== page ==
Diameter: The diameter is given in inches (in this case, 65) and will tell you which size rim the tyre is designed to fit. Typically, the larger the diameter, the more expensive the tyre will be. As car wheels are increasing in size, the smaller tyre sizes tend to be less popular.

Load index: Load ratings can be expressed in kilograms or as an index number. An index number of 90 carries up to 600kg. This is essentially how much load a correctly inflated tyre can handle. Index numbers range from 70-126. Examples include 84 (500kg), 86 (530kg), 89 (580kg), 92 (630kg), and 94 (670kg).

Speed rating: The last letter of the code indicates the speed rating, which tells you the absolute maximum speed the tyre can handle. This is very important to note as you are legally obliged to fit tyres with the correct speed rating on your car.

The ratings range from A-Z with A1 topping at 5 km/h and Y at 300 km/h. They follow a chronological pattern, except H appears after U and before V at 210km/h and there is no O or X. Spare tyres and winter tyres generally have lower speed ratings in the range of M to Q, while high-performance tyres are in the V-Z range. Some examples include:

  • M: 130 km/h
  • S: 180km/h
  • T: 190km/h
  • H: 210km/h
  • V: 240 km/h
  • W: 270km/h

Types of tyres

There are a wide range of specialised tyres available for 4WDs, vans and cars. Different tyres also have different tread patterns for optimal seasonal performance.

Before selecting new tyres for your vehicle, take a look at the different tyres available and make your decision based on your driving style and requirements.

Winter tyres

Otherwise known as snow tyres, winter tyres have phenomenal tread depth which is meant to keep you safe in snowy, icy and wet conditions. They have deep grooves and unique patterns to reduce snow accumulation, providing better traction on the snow.

Summer tyres

Shallow and straight grooves enable summer tyres to provide enhanced aquaplaning resistance and excellent performance when temperatures are above 7°c.

Also known as standard tyres, they have a softer rubber compound to enhance stability and grip, and they sport a sticky tread compound and design that provides resistance against aquaplaning.

All-season tyres

Designed with both summer and winter tyre technology, all-season tyres deliver a compromised performance in all conditions.

They are not optimised for different weather conditions in the same way seasonal tyres are, however they are ideal for drivers who want a practical pair of wheels that don’t need changing every summer or winter.

Run flat tyres

Run flat tyres enable you to continue driving for a short distance following a puncture due to their thick, reinforced sidewalls. Run flat tyres have been designed to protect you on the road if you suffer a puncture whilst driving as it still allows you to maintain control of the car until you can stop in a safe place.

Energy-saving tyres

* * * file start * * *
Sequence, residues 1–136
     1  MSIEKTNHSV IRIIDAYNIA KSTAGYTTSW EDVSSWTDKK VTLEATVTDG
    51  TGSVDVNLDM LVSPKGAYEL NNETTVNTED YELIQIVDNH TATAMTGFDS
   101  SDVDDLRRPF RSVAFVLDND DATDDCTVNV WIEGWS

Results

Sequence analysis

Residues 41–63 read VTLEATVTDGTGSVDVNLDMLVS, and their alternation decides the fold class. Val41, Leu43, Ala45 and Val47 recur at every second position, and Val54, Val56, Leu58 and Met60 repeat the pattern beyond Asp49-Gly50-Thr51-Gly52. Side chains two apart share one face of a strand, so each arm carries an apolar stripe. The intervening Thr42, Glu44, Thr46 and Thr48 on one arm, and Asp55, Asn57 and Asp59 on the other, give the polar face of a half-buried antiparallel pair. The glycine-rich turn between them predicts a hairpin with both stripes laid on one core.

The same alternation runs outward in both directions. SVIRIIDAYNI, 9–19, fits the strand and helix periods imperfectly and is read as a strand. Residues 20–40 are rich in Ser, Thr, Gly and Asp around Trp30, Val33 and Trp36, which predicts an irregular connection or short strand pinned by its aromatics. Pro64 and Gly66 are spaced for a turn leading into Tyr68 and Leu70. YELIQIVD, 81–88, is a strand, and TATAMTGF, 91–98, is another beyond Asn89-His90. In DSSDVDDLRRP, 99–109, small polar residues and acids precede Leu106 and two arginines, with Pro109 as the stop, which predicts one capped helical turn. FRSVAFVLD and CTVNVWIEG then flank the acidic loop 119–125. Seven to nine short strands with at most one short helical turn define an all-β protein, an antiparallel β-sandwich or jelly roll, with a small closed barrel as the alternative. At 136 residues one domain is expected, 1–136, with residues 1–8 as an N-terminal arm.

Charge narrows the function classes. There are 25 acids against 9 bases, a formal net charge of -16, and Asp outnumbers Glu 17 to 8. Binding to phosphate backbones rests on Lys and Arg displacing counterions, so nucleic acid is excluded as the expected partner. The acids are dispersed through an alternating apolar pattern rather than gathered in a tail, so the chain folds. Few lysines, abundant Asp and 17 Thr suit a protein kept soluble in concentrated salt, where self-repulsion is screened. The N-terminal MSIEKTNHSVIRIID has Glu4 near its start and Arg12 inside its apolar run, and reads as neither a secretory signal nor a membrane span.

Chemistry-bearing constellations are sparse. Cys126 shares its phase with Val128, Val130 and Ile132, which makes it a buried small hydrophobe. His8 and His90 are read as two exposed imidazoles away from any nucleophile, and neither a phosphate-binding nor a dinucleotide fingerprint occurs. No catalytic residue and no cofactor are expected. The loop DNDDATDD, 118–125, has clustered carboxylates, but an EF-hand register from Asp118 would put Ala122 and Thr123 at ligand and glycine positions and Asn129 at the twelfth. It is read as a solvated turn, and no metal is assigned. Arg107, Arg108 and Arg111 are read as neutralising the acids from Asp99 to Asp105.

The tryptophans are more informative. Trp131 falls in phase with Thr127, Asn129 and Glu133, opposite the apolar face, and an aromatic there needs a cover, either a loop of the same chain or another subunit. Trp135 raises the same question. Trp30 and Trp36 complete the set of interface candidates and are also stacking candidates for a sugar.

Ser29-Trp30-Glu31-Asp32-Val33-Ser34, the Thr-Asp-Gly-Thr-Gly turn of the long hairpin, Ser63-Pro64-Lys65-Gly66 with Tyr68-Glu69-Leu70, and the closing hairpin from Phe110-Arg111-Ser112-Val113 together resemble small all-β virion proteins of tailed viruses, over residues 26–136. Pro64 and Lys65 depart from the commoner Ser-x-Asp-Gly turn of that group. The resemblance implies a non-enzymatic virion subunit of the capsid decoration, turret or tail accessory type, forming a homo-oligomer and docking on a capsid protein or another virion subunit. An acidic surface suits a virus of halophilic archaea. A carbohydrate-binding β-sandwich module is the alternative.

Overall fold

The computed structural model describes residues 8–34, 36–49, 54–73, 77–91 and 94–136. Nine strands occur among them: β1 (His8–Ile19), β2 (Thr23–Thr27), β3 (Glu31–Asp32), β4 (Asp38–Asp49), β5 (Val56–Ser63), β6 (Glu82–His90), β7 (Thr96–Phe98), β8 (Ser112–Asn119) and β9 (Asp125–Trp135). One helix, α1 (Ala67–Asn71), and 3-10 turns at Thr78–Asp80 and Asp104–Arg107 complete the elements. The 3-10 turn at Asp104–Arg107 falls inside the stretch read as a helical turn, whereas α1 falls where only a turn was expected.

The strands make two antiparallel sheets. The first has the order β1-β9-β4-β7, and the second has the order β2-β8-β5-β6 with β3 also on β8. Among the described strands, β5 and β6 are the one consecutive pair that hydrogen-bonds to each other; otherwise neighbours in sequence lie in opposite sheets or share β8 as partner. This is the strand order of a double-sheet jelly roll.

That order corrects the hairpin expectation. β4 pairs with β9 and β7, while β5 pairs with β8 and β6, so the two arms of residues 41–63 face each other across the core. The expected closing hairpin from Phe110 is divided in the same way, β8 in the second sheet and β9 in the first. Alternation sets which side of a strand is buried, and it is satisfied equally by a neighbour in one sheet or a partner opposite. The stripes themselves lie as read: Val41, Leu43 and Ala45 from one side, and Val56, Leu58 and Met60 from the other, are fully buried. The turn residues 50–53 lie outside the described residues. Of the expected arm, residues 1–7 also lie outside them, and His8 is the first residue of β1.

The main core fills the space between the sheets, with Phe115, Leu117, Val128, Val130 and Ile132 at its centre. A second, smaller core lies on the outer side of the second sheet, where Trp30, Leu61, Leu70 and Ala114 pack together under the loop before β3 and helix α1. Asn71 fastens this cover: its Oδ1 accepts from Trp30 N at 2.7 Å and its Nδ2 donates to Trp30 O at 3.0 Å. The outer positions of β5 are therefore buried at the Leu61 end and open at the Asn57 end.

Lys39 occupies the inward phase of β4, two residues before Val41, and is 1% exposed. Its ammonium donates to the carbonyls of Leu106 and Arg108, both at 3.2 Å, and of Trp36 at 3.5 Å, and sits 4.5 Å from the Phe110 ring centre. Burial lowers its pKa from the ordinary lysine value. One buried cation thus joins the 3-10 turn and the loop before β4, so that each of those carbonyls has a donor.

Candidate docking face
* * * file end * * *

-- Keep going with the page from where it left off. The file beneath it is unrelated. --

What makes a tyre fuel efficient? A tyre with low rolling resistance can reduce fuel consumption and save on CO2 emissions. Energy-saving tyres are designed to lower emissions and fuel consumption. This saves you on fuel and money while also being better for the environment.

Most major tyre manufacturers create energy-saving tyres which have been designed to lower fuel consumption. Michelin has the Green X range, Bridgestone has the Ecopia range and Pirelli has the Cinturato range.

High performance tyres

High-performance tyres have excellent characteristics for high-speed driving. They are made from a softer rubber and feature more rigid side walls. This means your vehicle can hug tight curves and provide a smoother driving experience. The wide surface and stick rubber mean the braking is highly responsive.

Types of tyre patterns

Tyres are designed with different tread patterns meant to suit various driver requirements. The potential arrangement of channels, grooves, sipes and blocks can mean you have thousands of different patterns to choose from.

Some tyre patterns are optimised for high-speed agility and cornering whereas others are designed to deliver superior safety in wet conditions. Whilst all tyre patterns are slightly different, they can be separated into three main categories.

Asymmetric tyres

Asymmetric tyres are designed with two alternate tread patterns to provide high performance on both dry and wet road conditions.

The outer edge of the tyre will usually contain large stiff tread blocks which help with cornering whilst the inside contains smaller tread blocks that provide resistance against aquaplaning and enable grip.

Asymmetric tyres usually provide high levels of performance thanks to their superior gripping abilities and are mainly found on SUVs and luxury vehicles.

Directional tyres

Directional tyres have an arrow-shaped tread pattern that distributes water away from the tyre thread and can only rotate in one direction to effectively combat aquaplaning. These tyres also deliver high levels of directional stability and reduce noise levels.

Tyres with a directional tread pattern tend to provide the best performance in wet conditions and this is why most winter tyres are designed with this tread pattern.

Symmetrical tyres

Symmetrical tyres, otherwise known as multi-directional tyres, feature a symmetrical tyre pattern and can be fitted in any position of the vehicle and can travel in any direction. This is useful if you needed to rotate the tyres on your vehicle.

This tread pattern is ideal for urban drivers as they offer enhanced road holding and excellent gripping capabilities. They are not optimised for wet conditions, however, making them unsuitable for more rural areas.

You can read reviews on the best tyres on the market today to help you make up your mind.